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Straughans are bouncing back, thanks to community's help


December 02, 2010
OSSIPEE — The future is looking brighter for the Straughan family seven weeks after an early morning fire destroyed their home and threatened their livelihood, thanks to good insurance and an outpouring of support from the community.

"We do have some very good news," said Kevin Straughan. "We are buying the Kimball house." The family has been staying in a mobile home on Elm Street in Ossipee free of charge that was graciously offered to them after the fire by owners Bernard and Grace Rhatigan.

With young children, pets, farm animals, and a home business to run, Straughan said he and his wife Janna were looking for a permanent home with room to spread out. The Kimball house is located next door to the Straughan's place on Route 16B and the workshop on the property will serve as the perfect retail store for the goat cheese and other farm products they sell. Additionally, the Straughans own a large parcel of land next to the Kimball house that he said they someday hope to turn into pasture land for their animals.

After the fire, Straughan said, thoughts of moving south to a warmer climate or out to the west coast where his extended family lives did cross their minds. "Now would have been the chance to cut all ties. But after the wonderful outpouring from this community after the fire, we now know we are rooted here and connected. And the more people we get to know and care about the more we know we belong here," said Straughan.

Immediately following the fire the offers of clothing, household goods, and other items as well as the number of people who called to simply offer their condolences or their labor was overwhelming, he said. There were a couple of people who stepped in to act as a liaison between the family and the outpouring of community giving. Family friend Bob Peterson coordinated donations of "stuff" while friend Kim Whitefeather coordinated donations of money.

"It worked out quite well. They handled the calls and kept in touch with us…People were so generous. I have more clothes now than before the fire," Straughan said.

The Straughans feel fortunate they were fully insured but that might not have been the case a few years ago. It wasn't until about seven years ago when they were going to raise livestock and sell their farm products when they got farmers insurance and really took a good look at their coverage, Straughan said. "Now I could be a spokesperson for the importance of insurance," he added. Straughan said he feels "just terrible" for what happened to the 1803 home under his watch and now turns the focus to cleaning up the charred remains that have been deemed unsalvageable, rebuilding the family business, and getting his family settled in a permanent home.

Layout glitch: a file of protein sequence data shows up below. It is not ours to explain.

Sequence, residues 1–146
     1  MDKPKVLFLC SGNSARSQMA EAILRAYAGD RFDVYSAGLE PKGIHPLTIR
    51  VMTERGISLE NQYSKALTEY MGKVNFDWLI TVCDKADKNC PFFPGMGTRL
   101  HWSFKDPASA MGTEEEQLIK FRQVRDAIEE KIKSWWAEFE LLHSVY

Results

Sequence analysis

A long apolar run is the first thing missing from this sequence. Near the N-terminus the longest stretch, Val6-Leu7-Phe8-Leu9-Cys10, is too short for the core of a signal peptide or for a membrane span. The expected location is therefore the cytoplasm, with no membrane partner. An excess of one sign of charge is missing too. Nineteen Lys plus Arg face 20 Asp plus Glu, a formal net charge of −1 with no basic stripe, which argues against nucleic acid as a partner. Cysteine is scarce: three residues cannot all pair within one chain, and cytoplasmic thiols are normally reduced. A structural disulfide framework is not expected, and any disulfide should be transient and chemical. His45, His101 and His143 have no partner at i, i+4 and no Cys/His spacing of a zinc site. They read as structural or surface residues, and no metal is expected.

The fire scene will likely be cleaned up in the next few weeks. Straughan said he is getting cleanup estimates now and will move swiftly to get it taken care of before the snow falls.

The early morning fire on Oct. 14 was a massive undertaking as it quickly escalated to a three-alarm blaze that started in the barn area, burned through the attached ell and, despite strong efforts by firefighters, burned into the house. Firefighters from as far away as Conway, Sandwich and Wakefield were brought in to help.

Though some animals were saved that morning, 14 goats, 15 sheep, 70 chicks, a bull calf, the family cat and 50 laying hens perished in the fire.

The couple, members of NH Cheesemakers Guild, is known for supplying retail and wholesale goat cheese, eggs and organic poultry. But they are likely best known in their community for starting the Agape Ministries Food Pantry, first running it from their home in 2000 and continuing to operate it and the thrift store at Ossipee Valley Bible Church on Route 16 in West Ossipee. The Straughans have also been parents to many children – biological, adopted, and foster – through the years.

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